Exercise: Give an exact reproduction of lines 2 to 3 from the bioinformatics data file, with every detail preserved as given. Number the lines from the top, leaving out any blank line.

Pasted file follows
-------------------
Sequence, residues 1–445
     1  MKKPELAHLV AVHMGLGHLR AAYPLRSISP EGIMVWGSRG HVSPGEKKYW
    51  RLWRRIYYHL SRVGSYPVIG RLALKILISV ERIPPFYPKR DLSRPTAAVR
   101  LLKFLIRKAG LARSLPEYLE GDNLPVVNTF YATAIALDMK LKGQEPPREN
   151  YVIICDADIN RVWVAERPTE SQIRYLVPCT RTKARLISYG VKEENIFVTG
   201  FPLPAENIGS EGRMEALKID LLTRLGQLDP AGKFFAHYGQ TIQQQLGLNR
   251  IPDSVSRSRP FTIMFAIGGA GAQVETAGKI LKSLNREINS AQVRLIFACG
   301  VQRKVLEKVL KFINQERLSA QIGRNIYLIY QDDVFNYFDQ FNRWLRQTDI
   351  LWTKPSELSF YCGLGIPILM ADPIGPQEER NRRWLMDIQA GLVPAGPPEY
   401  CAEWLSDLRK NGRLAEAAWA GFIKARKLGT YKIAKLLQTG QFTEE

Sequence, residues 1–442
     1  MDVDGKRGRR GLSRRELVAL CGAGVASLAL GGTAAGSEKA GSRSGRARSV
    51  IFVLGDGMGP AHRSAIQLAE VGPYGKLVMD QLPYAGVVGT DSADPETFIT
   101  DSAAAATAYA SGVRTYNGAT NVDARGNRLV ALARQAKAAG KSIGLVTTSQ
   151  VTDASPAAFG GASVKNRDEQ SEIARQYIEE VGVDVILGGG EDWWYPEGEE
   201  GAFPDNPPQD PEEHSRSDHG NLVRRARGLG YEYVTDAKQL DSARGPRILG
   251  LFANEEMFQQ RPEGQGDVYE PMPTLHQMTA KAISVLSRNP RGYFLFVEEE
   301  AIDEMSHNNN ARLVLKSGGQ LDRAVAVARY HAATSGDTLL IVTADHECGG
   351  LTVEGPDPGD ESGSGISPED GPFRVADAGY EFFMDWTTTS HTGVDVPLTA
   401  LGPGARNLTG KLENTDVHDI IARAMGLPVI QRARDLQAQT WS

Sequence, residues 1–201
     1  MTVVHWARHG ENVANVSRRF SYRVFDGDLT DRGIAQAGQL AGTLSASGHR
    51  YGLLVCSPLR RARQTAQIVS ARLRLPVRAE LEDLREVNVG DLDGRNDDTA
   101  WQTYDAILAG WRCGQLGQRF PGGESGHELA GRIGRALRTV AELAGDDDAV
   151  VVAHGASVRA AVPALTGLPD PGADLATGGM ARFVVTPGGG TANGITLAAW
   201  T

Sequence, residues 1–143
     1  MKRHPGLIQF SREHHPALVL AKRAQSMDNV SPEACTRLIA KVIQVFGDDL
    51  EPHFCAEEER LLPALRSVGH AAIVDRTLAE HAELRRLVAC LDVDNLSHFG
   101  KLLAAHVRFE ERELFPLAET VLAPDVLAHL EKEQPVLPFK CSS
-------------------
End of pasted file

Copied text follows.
     1  MKKPELAHLV AVHMGLGHLR AAYPLRSISP EGIMVWGSRG HVSPGEKKYW
    51  RLWRRIYYHL SRVGSYPVIG RLALKILISV ERIPPFYPKR DLSRPTAAVR